Also in today's roundup, SSE Enterprise Telecoms and Three UK wrap Oxford Street in fiber, Charter by the numbers, TIM and Vodafone discover the joys of sharing and more.
Almost one third of the US population -- or 100 million people -- don't have a broadband connection of at least 25Mbps, according to a report released today by The NPD Group. Most of the 31% without this access are rural residents, the research found. North Dakota fared worst, with penetration of only 20% to 29%, according to NPD. Neighbor South Dakota, as well as Mississippi and Alabama, also were under-served at between 30% and 39% broadband penetration, the research firm said. Despite operators' growing deployment of gigabit speeds and their investment in fiber, DOCSIS 3.1 and copper-based Gfast solutions, only five states attained 80% or more coverage, according to NPD.
SSE Enterprise Telecoms will deploy a fiber backhaul testbed in London's busy shopping district, Oxford Street, designed to empower mobile operator Three UK to debut its 5G-based home broadband service in August. Connectivity, co-location and infrastructure provider SSE Enterprise Telecoms is perhaps best-known for its use of London's waste-water network for much of its fiber ring. (See SSE Telecom to Provide Three UK Fiber Backhaul in London's Oxford Street.)
In its second quarter 2019, Charter Communications earned adjusted EBITDA of $4.2 billion, a 3% uptick year-over-year. Its residential customer base grew about 164,000 compared with the 12-month-prior period's addition of 141,000 new residential customers. Charter added 221,000 residential Internet customers Q2 2019 versus 2Q 2018 residential Internet customer net additions of 218,000. By June 30, 2019, Charter had 24.2 million residential Internet customers; almost 85% subscribed to tiers with speeds of 100 Mbps or more. Home-video subs fell 150,000 in this period versus 2Q 2018's drop of 73,000. At the end of Q2 2019, Charter had 15.8 million residential video customers.
TIM and Vodafone expanded their current network-sharing partnership, allowing them to cooperate as they each upgrade existing fiber networks for 5G mobile backhaul. This agreement should expand Vodafone's 5G geographic reach at less cost and generate at least €800 million apiece over the next decade, both operators said in a joint release.
Sharing Is Caring & Revenue-Bearing
With the expansion of their fiber-network agreement, TIM and Vodafone both expect to earn additional revenue, save money and accelerate Italy's 5G deployment.
London and New York are the world's top two Smart Cities, followed by Amsterdam, Paris and Reykjavík, according to 2019 Cities in Motion Index by IESE Business School. For the sixth year, the index uses multiple factors such as technology, mobility, environment, economy, governance, transportation and international outreach to generate scores; this year, the Index ranks 174 cities worldwide.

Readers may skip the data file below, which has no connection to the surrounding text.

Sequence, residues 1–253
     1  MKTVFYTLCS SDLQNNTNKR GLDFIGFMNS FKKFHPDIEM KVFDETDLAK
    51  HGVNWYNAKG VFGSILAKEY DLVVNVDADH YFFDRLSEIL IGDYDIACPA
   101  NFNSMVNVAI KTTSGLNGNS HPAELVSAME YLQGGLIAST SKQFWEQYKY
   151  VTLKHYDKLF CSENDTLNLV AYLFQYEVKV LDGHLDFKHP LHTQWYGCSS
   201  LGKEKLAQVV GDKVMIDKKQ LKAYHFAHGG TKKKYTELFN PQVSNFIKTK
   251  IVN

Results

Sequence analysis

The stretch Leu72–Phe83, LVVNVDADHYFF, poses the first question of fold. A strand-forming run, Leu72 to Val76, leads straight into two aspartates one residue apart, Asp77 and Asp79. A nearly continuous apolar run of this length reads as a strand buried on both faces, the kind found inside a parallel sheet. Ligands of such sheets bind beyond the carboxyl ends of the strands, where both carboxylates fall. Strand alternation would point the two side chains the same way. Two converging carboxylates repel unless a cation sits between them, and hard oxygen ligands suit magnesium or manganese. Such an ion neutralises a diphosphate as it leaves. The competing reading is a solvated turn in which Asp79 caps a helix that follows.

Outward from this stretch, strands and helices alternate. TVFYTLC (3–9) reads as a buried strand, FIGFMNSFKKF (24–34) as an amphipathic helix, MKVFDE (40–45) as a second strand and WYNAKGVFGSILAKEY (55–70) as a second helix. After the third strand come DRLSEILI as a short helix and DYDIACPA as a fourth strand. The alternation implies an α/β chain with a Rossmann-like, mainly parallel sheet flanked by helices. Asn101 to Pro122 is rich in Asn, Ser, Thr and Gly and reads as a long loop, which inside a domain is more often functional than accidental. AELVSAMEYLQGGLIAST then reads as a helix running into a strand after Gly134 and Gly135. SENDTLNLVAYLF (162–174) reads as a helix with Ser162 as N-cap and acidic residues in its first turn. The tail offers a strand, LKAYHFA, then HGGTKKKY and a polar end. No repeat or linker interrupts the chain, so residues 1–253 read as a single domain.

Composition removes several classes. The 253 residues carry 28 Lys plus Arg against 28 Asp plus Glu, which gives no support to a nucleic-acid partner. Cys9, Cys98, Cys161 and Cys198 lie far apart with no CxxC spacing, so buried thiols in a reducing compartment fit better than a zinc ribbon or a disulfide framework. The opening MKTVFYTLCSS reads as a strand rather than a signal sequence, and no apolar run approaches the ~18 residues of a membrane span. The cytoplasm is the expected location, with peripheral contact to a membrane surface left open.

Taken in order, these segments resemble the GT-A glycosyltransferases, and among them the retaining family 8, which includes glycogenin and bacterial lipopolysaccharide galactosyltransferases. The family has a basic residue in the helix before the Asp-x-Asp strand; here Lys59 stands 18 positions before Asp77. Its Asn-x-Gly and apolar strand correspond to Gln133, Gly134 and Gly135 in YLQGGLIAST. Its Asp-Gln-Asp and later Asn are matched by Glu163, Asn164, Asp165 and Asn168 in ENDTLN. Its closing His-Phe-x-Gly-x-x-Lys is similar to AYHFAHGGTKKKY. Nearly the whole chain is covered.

UK satellite component and ground systems maker Cobham, which supplies broadband-satellite providers such as SpaceX and OneWeb, is prepping to accept a £4 billion ($4.6 billion) buyout that would take it public. The board voted unanimously in favor of an offer from Advent International for £1.65 per share, the price its stock closed at on the London Stock Exchange today -- a 35% increase on news of the proposed purchase. At least 75% of Cobham's shareholders must approve the deal -- but the largest reportedly do not, according to Bloomberg.
National Cable Television Cooperative (NCTC) appointed Rob Smith as senior director of procurement. Smith, who spent the last nine years at CenturyLink -- where he most recently oversaw almost $1.5 billion-worth of spending on hardware, software and services -- will be responsible for "shaping NCTC's procurement strategy and will work with NCTC's supplier partners on group purchasing initiatives for member companies," according to the organization, which represents 75-plus small and midsize independent US cable and broadband operators.
Many Tier 1 MSOs have yet to choose between EPON and GPON, and their natural ties to IEEE standard-based technologies plus EPON's accelerated future timeline, could make this an attractive standard for large cable ops, ADTRAN engineering exec Jess Beihoffer tells BBWN.
The federal watchdog agency recommends the FCC consider eliminating the old cost-accounting program since it's more prone to fraud than the alternative reimbursement method among small, rural providers that receive about $2.5 billion annually to deploy broadband.
The strength of natural disasters like hurricanes is worsening, scientists say, and it's imperative that broadband infrastructures can withstand or be speedily repaired post-catastrophe, writes Fiber Broadband Association President and CEO Lisa Youngers.
The ongoing debate around GPON vs EPON can get as heated as discussions around politics and religion, but both technologies offer some advantages over the other depending on the needs your network is servicing.
In this webinar, we will focus on the facts around the GPON vs EPON debate and how that technological decision is almost always made based on factors outside the technology itself.
In this insightful Light Reading radio show, Kurt Raaflaub, Head of Strategic Solutions Marketing, will outline the key service provider challenges, deployment considerations, next-gen Gigabit technologies, and service models to win market share in the rapidly growing MDU market.